Real Fermenting: Ginger Citrus Saison

Friday, 15 August 2014

Ginger Citrus Saison

This saison recipe is part II of my five part series on hop-free ales. I have already transferred the ale to secondary and it smells fantastic. It's also my second attempt at ageing an ale on oak chips. This time I have soaked the french oak on some chardonnay, to replicate the effect of barrel-ageing in a chardonnay barrel. We'll have to see how well that goes, but the recipe for the main brew is below.

Definitely don't store your soaking oak chips in the sun...


For 3 gallons of ale:
2lbs dry malt extract (light)
2lbs liquid malt extract (wheat)
1lb Carapils (crushed)
1oz yarrow
1oz lemon peel
1oz sweet orange peel
1oz dry ginger pieces
1 vial Belgian Saison I yeast
3 gallons distilled water
2oz french oak chips
2/3 cup chardonnay

Boiling the yarrow
For a fuller description of good brewing practices see my post on the Holiday Wit or John Palmer's How to Brew or any intro guide to brewing. Boil the yarrow in 2 quarts of water for 30 minutes. While this is boiling, steep the crushed grains in 2.5 gallons of water (160F) for 30 minutes in your main kettle. Remove the crushed grains from the steeping water and add the herb decoction (straining out the yarrow) to the main kettle. Bring all of this to the boil. Turn off the heat and add both of the malt extracts and stir until they dissolve. Boil again for 20 minutes. Turn off the heat and add the citrus peel and ginger. Cool the wort to 70F as fast as you can. Add the wort to your fermenter and stir the yeast in vigorously for a couple of minutes to oxygenate the wort. Seal up the wort in your fermenter and fill the airlock with vodka. At this time your can start soaking your oak chips in the wine in a sealed container. You may steam or boil the chips if you are concerned about infection. I didn't bother.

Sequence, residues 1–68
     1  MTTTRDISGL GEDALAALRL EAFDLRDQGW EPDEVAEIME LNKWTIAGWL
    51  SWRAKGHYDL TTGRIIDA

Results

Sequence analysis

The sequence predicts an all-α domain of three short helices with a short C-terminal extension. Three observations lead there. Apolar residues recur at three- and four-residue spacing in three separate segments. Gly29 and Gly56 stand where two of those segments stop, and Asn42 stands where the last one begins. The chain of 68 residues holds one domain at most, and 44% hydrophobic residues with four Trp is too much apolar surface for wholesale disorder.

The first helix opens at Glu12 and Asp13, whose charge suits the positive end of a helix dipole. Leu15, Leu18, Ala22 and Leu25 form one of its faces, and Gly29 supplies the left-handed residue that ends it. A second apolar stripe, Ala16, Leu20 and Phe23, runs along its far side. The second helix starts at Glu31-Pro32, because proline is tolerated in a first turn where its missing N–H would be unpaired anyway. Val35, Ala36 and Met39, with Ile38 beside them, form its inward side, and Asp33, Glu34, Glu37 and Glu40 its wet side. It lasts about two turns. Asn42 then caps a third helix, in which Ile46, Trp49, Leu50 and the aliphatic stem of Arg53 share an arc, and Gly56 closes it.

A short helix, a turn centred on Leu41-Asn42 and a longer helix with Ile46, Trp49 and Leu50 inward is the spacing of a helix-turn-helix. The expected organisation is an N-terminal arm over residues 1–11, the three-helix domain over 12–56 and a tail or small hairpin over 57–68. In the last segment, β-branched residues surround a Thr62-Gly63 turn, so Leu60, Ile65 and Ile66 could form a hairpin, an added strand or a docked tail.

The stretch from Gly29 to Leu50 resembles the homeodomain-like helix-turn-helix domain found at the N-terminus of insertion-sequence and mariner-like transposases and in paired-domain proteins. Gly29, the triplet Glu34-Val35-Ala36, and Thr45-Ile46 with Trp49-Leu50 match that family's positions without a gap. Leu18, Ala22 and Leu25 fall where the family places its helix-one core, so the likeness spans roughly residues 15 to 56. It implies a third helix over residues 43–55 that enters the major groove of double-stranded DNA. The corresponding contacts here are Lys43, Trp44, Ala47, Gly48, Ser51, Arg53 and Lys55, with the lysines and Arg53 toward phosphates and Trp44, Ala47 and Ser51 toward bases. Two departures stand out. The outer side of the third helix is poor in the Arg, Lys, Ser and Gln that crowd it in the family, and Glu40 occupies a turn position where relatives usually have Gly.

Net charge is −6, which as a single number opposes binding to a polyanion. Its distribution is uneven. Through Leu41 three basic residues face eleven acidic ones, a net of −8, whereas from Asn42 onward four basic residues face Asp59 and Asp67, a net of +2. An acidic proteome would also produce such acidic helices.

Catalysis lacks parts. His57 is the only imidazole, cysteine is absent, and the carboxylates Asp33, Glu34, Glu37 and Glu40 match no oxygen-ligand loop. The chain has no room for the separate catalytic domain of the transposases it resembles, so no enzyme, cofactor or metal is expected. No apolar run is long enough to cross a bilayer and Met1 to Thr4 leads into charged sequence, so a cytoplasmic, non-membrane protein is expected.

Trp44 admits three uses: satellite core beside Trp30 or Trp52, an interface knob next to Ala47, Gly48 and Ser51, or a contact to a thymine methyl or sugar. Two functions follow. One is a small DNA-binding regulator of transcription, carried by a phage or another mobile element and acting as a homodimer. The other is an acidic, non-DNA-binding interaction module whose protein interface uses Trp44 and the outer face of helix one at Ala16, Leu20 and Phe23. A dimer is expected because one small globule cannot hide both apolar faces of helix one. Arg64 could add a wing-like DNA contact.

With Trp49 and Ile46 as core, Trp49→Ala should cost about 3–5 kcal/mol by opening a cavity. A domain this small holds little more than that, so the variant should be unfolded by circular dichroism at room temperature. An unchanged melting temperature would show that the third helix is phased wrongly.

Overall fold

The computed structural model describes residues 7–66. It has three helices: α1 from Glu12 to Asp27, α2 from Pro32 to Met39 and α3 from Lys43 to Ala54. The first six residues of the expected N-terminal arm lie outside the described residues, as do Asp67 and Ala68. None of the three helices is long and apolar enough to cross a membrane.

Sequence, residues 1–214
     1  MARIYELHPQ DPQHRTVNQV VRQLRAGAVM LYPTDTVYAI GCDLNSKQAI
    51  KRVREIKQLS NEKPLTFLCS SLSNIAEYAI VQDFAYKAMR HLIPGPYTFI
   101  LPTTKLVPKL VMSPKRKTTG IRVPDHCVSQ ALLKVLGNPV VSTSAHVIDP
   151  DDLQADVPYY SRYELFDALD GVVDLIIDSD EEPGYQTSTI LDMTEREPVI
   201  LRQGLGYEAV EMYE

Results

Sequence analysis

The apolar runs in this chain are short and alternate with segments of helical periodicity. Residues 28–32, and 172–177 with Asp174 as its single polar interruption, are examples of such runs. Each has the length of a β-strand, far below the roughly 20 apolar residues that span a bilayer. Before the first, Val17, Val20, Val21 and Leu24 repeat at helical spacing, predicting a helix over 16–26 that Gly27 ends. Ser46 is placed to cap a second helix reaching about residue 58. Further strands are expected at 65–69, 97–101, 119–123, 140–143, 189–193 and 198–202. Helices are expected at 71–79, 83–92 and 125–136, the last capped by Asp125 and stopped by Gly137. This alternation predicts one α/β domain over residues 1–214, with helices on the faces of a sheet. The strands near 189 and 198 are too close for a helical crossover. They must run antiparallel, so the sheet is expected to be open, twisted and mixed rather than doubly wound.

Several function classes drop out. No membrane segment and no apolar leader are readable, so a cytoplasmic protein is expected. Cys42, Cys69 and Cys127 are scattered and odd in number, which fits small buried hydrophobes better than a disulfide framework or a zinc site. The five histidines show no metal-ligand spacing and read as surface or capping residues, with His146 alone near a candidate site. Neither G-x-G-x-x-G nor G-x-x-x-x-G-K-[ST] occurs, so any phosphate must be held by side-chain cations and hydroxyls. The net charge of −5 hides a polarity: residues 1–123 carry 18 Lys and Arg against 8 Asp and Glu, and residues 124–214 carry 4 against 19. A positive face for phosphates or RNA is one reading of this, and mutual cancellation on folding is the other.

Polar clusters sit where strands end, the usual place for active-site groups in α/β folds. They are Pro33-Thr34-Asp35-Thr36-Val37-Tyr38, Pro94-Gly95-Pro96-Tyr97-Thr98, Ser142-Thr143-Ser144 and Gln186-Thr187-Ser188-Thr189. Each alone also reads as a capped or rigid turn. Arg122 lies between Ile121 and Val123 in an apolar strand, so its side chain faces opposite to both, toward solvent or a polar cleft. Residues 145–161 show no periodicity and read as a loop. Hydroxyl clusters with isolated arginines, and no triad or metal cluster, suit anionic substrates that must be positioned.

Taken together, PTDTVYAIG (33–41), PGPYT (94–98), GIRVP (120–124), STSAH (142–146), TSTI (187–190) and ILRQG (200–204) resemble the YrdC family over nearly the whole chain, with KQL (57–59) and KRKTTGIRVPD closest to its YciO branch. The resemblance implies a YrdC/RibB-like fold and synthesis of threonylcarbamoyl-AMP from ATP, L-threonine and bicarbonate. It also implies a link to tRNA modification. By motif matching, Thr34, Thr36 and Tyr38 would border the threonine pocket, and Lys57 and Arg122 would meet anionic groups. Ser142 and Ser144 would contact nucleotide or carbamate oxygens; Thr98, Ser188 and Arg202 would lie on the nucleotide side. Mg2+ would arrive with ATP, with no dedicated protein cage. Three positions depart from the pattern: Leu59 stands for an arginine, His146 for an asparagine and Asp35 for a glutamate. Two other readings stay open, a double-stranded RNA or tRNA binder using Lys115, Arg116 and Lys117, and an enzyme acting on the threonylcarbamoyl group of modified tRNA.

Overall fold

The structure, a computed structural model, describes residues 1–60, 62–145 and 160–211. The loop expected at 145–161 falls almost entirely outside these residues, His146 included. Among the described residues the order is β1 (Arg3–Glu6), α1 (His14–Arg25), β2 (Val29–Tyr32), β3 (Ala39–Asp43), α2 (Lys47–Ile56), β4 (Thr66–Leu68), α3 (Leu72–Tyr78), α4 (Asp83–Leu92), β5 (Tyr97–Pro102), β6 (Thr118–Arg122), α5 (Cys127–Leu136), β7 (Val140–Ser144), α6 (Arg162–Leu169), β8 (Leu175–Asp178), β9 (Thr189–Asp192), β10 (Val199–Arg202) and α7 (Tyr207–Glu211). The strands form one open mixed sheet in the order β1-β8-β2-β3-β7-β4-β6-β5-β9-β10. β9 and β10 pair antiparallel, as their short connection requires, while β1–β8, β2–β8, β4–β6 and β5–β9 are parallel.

After one week in the fermenter, I transferred the ale to my secondary fermenter and added the oak chips and the wine. This will sit for at least 2 weeks, when I will begin tasting for the oakiness. When it's good, I'll bottle with 1/2 cup of corn sugar.

The next brew in the series is an aromatic Spice Stout. I've brewed it already and it filled my home with an amazing aroma while I was brewing it. That'll age with bourbon soaked American oak chips to replicate the effects of ageing in a used bourbon barrel. Very excited to see how all these brews turn out. The first one should be ready to try in late September!

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